Travel presents endless possibilities for exploration and learning, and a good place to start is with architecture. A culture’s buildings are a depository of its past, present, and future and architecture communicates more than you might realize.
Ceilings in particular can say reams about the builders and their culture. By definition, the ceiling must function as the top of the room, but frequently, it does double duty as a means to broadcast information.
And when it comes to ceiling messages, religious buildings are without a doubt, the biggest player. Christian churches in particular use ceiling art to enhance already dramatic spaces and draw your eyes upward toward the Divine.
This is the apse of the Basilica of St. John the Baptist in Rome. An exquisite mosaic of Mary, John the Baptist, and other Christian dignitaries facing the crucification cross is a gleaming reminder of Christ’s divinity.
Of course, the most famous ceiling art on the planet is the Sistine Chapel in the Vatican in Rome. This massive, High Renaissance masterpiece took a reluctant Michelangelo four years to complete. And if you want to see Old Testament stories rendered in a master’s hand, this is the best place to exercise your neck. As they say at the Vatican: “No crane, no gain.”
On the other side of the globe, a much more modest, but equally impressive ceiling reminds the faithful of the fascinations of the heavens. The exterior of the Sanctuary of Our Lady of Guadalupe in Morelia, Mexico is dusty, unadorned brown stone. But step inside the ornate cathedral to hear The Word, and an explosion of color and delight surround you.
But Christians aren’t the only ones who realize that ceiling art can send a message. In the Buddhist Cave Temples of Dambulla, Sri Lanka it’s impossible to look in any direction, including up, without seeing sculptures and painted images of the Buddha. Intrepid tourists marvel at the spectacle, but mostly, the incense-choked caves are crowded with Buddhist pilgrims visiting for a day of devotion.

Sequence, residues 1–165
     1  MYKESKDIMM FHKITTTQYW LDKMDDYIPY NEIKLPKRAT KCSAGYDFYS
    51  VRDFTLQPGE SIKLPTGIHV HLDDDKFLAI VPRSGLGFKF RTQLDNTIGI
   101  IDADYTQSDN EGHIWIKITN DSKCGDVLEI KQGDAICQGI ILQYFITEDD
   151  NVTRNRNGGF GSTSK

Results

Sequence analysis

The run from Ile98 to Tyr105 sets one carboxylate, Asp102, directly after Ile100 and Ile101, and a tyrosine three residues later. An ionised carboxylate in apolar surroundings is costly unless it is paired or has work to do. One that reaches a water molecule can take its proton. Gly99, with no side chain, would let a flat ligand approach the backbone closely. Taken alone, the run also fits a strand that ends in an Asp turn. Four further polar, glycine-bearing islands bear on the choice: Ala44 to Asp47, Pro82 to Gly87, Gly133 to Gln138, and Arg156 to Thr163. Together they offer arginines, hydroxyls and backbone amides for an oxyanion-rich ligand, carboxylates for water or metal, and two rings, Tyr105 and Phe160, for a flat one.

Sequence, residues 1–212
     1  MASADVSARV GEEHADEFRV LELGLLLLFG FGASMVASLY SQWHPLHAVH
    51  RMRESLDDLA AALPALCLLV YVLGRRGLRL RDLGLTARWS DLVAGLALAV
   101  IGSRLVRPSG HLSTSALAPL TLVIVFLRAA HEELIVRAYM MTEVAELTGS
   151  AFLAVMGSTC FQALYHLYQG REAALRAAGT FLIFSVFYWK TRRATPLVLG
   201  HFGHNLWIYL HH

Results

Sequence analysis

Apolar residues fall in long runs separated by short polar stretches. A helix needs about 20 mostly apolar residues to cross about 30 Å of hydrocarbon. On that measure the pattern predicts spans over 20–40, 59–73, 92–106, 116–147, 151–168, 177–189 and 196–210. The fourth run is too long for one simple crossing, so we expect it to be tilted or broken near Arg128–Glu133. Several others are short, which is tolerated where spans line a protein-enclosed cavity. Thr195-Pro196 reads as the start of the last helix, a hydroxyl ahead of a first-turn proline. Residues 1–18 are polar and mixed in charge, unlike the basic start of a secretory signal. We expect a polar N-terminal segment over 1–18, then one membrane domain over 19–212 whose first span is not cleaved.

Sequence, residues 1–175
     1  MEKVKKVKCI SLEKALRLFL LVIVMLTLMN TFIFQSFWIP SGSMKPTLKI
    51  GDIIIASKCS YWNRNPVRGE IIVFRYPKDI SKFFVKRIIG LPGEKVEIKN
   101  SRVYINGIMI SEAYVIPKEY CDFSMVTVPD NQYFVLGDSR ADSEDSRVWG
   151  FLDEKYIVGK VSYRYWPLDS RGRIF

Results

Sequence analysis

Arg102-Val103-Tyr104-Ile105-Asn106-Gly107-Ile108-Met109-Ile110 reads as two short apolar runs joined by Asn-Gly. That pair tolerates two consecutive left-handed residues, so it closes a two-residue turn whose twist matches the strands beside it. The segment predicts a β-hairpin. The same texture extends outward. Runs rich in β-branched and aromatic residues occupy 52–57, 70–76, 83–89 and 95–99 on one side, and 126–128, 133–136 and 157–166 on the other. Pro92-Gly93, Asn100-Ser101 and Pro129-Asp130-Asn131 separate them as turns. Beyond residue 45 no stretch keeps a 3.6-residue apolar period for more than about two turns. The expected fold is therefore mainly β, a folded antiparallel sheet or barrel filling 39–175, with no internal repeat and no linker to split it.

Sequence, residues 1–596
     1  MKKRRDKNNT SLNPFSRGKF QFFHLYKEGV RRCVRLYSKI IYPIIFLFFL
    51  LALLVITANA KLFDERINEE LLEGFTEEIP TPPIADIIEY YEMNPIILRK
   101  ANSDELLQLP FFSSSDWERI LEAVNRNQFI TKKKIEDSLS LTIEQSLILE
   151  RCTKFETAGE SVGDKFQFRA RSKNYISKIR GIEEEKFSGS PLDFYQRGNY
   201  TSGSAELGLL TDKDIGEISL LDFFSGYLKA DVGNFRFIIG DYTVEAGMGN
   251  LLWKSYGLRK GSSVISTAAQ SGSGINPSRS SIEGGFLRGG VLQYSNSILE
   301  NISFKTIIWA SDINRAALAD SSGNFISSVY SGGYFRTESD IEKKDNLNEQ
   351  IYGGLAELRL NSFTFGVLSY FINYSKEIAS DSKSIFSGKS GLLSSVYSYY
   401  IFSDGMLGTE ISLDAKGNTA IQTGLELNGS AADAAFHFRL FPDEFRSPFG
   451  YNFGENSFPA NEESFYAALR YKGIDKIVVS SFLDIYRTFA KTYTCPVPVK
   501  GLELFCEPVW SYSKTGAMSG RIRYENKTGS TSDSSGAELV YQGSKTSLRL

While intricate detail, painstaking artistry, and glimmering color can be inspirational, the Pantheon in Rome proves that a simple, geometric design can be striking as well. With the Roman army at his back, the emperor needed little additional advertising for his authority, but experts believe that the Pantheon’s elegant geometric ceiling with its singular ocular window represents the heavens and Hadrian’s divine power over the empire. Two thousand years after its construction, this is still the world’s largest unreinforced concrete dome and a masterpiece of engineering centuries ahead of its time.
But one of our favorite uses for ceiling art is keeping dinner guests in line. The Latin phrase sub rosa means “under the rose.” In Roman times roses represented secrecy and confidentiality, so at important feasts roses were hung from the ceiling to remind everyone that “What happens in Rome, stays in Rome.” This sub rosa ceiling is in the great hall of Biltmore, the Golden Age Chateau outside Asheville, North Carolina. Obviously, like the Romans before them, the Vanderbilts didn’t want any tongue-wagging either.
Every culture has unique, signature buildings, and frequently, there’s a ceiling up there that’s doing more than keeping the rain out. Cast your gaze upward and hear what you’re missing.
Do you have a favorite ceiling with a message? We’d love to hear about it.
James & Terri
2. By Aaron Logan via Wikimedia Commons